Technology development of the year: Fenics

Asia Risk Awards 2017

John Crisp
John Crisp, Fenics

New opportunities are opening up in the foreign exchange options market. Major global banks are pulling back their liquidity provision, leaving space that many local players are eager to occupy. Furthermore, the market is going the way of spot trades and becoming more electronic, enabling those with the technology to offer new and more flexible services. This is where Fenics comes in.

Fenics has long been a niche provider of forex options analytics and workflow, which is widely used across the region. In response to the market changes, it has developed a technology platform to support the new electronic activity, and in doing so has created a significant opportunity not only for its customers but for itself as well.

Traditionally, Fenics clients have been forex options specialists at tier-two and tier-three banks, using its desktop analytics and workflow for pricing and risk management. The system has typically been installed in-house and has a sophisticated front-end designed for forex options professionals. Now many Fenics users want a simpler front-end that they can make available more widely to less-specialist end-clients, such as private bank relationship managers and retail end-users. They also increasingly want access to multi-dealer platforms and other venues for liquidity and best execution. And they want to automate as much of their forex options workflow as possible for cost efficiency, to enable them to grow their business.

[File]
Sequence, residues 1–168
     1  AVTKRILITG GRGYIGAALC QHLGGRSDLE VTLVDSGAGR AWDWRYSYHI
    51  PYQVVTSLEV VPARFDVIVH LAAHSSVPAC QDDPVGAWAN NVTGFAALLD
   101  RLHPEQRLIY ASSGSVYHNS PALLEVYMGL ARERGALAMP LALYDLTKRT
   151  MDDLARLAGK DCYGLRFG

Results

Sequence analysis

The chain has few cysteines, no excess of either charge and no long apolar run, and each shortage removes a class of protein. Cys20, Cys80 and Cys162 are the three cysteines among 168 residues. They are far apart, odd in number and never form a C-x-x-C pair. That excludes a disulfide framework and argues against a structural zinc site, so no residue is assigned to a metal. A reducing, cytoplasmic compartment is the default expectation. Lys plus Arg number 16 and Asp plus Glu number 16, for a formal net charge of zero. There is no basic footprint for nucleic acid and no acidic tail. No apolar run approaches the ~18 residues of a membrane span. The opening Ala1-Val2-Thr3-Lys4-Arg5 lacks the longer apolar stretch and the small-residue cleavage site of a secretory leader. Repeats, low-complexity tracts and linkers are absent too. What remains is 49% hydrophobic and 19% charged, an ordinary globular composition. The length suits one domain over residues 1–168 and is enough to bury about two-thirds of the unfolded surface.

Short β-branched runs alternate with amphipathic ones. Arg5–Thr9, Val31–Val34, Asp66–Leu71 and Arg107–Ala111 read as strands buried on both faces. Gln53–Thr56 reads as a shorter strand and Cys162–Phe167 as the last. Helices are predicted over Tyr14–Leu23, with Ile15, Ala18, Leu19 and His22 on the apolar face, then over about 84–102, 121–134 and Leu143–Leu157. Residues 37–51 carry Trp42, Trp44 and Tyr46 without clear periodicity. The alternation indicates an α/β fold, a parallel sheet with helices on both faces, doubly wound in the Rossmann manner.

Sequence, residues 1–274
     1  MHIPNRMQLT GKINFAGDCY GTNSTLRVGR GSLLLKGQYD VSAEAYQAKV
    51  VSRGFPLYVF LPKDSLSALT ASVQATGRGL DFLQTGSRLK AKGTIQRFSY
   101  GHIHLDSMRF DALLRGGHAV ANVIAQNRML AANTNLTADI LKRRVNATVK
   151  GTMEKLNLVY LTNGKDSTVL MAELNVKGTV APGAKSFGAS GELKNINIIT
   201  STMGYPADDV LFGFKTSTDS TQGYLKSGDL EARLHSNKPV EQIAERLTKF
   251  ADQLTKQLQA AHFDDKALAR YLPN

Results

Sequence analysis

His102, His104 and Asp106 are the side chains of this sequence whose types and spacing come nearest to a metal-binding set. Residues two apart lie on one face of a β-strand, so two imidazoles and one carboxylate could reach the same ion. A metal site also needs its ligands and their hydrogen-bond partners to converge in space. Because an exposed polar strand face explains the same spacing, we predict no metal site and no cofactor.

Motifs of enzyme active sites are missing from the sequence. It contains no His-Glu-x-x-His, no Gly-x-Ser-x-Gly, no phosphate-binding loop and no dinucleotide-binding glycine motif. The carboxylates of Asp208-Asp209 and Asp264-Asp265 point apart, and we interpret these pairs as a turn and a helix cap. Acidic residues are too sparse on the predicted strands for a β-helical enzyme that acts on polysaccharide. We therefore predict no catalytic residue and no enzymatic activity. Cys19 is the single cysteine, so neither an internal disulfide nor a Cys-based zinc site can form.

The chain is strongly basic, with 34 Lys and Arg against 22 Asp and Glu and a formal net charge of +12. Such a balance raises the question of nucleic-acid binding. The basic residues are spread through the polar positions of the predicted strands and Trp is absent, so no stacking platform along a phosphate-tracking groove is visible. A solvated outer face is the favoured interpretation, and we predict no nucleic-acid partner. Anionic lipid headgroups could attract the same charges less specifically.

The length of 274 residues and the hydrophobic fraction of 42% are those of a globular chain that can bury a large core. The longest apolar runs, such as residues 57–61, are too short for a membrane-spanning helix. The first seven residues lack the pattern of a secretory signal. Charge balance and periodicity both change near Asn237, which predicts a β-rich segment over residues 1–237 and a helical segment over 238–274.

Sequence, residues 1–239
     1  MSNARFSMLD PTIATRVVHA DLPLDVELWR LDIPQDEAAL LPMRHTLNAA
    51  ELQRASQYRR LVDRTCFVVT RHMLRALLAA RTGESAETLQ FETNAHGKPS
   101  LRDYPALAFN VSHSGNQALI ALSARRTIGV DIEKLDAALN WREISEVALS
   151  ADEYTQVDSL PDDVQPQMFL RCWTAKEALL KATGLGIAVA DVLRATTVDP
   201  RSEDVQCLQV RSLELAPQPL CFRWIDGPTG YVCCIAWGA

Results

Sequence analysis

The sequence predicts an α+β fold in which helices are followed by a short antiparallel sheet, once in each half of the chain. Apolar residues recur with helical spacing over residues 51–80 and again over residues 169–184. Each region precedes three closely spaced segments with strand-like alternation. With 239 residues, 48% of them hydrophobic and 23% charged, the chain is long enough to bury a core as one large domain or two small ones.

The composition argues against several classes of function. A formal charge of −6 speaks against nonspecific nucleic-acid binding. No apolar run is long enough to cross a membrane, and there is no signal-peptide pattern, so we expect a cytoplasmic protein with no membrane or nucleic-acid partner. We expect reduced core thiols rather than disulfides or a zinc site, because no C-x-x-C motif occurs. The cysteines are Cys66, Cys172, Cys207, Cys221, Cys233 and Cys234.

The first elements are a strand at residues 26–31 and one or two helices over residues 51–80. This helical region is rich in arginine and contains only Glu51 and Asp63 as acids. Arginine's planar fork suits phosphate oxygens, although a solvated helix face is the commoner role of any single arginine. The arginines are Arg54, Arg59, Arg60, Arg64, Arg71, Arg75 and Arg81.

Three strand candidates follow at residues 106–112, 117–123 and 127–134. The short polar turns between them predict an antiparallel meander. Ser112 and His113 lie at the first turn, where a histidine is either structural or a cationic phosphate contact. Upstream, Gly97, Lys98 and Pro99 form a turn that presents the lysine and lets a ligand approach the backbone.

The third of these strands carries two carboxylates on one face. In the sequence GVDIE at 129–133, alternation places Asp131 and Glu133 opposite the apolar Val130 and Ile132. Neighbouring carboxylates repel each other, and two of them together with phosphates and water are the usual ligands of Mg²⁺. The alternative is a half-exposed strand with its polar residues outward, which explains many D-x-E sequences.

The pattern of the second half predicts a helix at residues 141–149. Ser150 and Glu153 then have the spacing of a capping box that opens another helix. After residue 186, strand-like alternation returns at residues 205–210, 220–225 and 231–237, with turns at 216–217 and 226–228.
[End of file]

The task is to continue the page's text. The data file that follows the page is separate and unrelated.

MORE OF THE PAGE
The largest global banks have built this functionality themselves, but few others have the time or resources, which is why they looked to Fenics for help. The vendor’s response is Fenics Trading Solutions – a set of technologies to support forex options trading activity in the electronic era. For the company’s traditional customers, Fenics TS offers the ability to automate their workflows. For example, banks tend to bucket their end-clients to allocate margin in the spreads they quote. TS can automate this process, whilst also allowing users to specify where they might want manual intervention for certain products.

“The bank might be happy to auto-quote G10 currency pairs based on Fenics’ maths, but want to check an emerging market currency pair before making it available as a traded price,” says John Crisp, head of product at Fenics who is based in London. 

TS also enables traditional Fenics Pro clients who have been using the product for generating core pricing to now put their prices electronically on to their own portal as well as on to multi-dealer platforms. TS provides the required adapters and APIs, or application programming interfaces, to support this. “This means the bank doesn’t have to engage its internal IT team to build the adapters for each venue,” says Crisp.